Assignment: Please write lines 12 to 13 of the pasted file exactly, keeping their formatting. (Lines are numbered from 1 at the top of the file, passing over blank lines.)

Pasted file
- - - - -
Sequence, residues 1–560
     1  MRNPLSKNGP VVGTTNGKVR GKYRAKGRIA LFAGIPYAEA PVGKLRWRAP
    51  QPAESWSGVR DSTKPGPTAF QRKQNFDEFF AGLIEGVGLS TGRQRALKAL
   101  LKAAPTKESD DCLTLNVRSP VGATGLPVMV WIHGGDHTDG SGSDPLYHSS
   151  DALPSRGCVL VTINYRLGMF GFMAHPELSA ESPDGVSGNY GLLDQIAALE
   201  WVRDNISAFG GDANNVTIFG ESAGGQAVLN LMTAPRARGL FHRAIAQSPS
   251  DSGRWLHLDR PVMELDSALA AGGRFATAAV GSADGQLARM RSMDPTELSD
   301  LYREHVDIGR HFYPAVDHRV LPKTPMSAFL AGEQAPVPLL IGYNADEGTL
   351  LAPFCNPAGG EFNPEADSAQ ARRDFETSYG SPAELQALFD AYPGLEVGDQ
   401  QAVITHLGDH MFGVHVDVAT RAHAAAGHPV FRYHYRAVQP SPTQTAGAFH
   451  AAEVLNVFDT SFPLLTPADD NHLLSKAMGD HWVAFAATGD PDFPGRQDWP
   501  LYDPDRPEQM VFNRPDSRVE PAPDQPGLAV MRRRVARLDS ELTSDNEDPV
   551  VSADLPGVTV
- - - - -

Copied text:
   501  LYDPDRPEQM VFNRPDSRVE PAPDQPGLAV MRRRVARLDS ELTSDNEDPV
   551  VSADLPGVTV